As a corollary, we note that the clearly erroneous standard ‘does not apply to a trial court's determinations of legal questions or conclusions based on findings of fact.’ Id. (quoting Heat & Power Corp. v. Air Products & Chemicals, Inc., 320 Md. 584, 591, 578 A.2d 1202 (1990)). In Barnes, 109 Md.App. at 553–54, 675 A.2d 558, we elaborated on the issue:

The Maryland Workers' Compensation Act, which entitles covered employees to compensation for accidental personal injuries that arise “out of and in the course of employment,” L.E. § § 9–101(b), 9–501(a), is a remedial statute. Its provisions are liberally construed in favor of the employee. Lovellette v. Mayor & City Council of Baltimore, 297 Md. 271, 282, 465 A.2d 1141 (1983); Bethlehem–Sparrows Point Shipyard, Inc. v. Hempfield, 206 Md. 589, 594, 112 A.2d 488 (1955); Ewing v. Koppers Co., 69 Md.App. 722, 731, 519 A.2d 790 (1987). Thus, any ambiguity in the law is resolved in favor of the claimant. Mayor & City Council of Baltimore v. Cassidy, 338 Md. 88, 97, 656 A.2d 757 (1995); Cline v. Mayor & City Council of Baltimore, 13 Md.App. 337, 344, 283 A.2d 188 (1971), aff'd, 266 Md. 42, 291 A.2d 464 (1972). The doctrine of liberal construction does not mean, however, that coverage may be granted beyond that which is authorized by the provisions of the Act. Tortuga, Inc. v. Wolfensberger, 97 Md.App. 79, 83, 627 A.2d 56, cert. denied, 332 Md. 703, 632 A.2d 1209 (1993).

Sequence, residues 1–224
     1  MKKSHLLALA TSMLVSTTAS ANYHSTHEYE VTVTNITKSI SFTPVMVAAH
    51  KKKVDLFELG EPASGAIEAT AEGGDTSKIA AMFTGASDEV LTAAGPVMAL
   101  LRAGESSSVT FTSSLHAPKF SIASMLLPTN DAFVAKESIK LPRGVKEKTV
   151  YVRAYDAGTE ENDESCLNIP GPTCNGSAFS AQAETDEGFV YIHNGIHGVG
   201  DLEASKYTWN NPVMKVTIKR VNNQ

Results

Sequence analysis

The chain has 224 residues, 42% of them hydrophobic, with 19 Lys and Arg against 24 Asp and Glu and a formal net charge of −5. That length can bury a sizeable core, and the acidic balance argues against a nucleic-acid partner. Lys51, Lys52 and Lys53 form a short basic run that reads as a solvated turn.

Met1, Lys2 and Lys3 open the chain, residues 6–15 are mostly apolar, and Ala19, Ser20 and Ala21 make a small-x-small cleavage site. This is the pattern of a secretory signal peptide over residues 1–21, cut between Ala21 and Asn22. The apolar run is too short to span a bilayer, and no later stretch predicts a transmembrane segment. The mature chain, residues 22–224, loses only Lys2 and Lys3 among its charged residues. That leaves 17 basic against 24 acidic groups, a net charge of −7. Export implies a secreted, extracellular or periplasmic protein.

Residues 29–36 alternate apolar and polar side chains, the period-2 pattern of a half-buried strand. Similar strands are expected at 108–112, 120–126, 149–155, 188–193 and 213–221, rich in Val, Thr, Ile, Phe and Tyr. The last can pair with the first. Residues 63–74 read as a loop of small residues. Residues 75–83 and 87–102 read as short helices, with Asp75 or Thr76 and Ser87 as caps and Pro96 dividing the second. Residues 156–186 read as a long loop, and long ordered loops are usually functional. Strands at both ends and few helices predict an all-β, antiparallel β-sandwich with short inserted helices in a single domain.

DISCUSSION

A compensable “accidental personal injury” occurs when an “injury ... arises out of and in the course of employment....” L.E. § 9–101(b). An injury is considered to arise “out of employment if it results from the nature, conditions, obligations, or incidents of the employment.” Barnes, 109 Md.App. at 554, 675 A.2d 558 (citing Knoche v. Cox, 282 Md. 447, 455, 385 A.2d 1179 (1978); CAM Constr. Co. v. Beccio, 92 Md.App. 452, 460, 608 A.2d 1264 (1992)). “An injury arises in the course of employment “when it occurs during the period of employment at a place where the employee reasonably may be in the performance of his duties and while he is fulfilling those duties or engaged in doing something incident thereto.” Id. at 555, 675 A.2d 558 (quoting Huffman v. Koppers Co., 94 Md.App. 180, 185, 616 A.2d 451 (1992) (quoting Watson v. Grimm, 200 Md. 461, 466, 90 A.2d 180 (1952))).

Ordinarily, an employee that suffers an injury going to or returning from their place of work is not considered to be acting in the course of their employment. See Director of Finance for the City of Baltimore v. Alford, 270 Md. 355, 359, 311 A.2d 412 (1973); Reisinger–Siehler Co. v. Perry, 165 Md. 191, 194, 167 A. 51 (1933); Barnes, 109 Md.App. at 555, 675 A.2d 558; Fairchild Space Co. v. Baroffio, 77 Md.App. 494, 497, 551 A.2d 135 (1989); Coats & Clark's Sales Corp. v. Stewart, 39 Md.App. 10, 13, 383 A.2d 67 (1978). Appellant acknowledges that he was returning to work, but asserts that the injury is compensable because of: (1) the special mission exception; (2) the dual purpose doctrine exception; and (3) the personal comfort exception.

I.

A special mission occurs when “an employee is acting in the...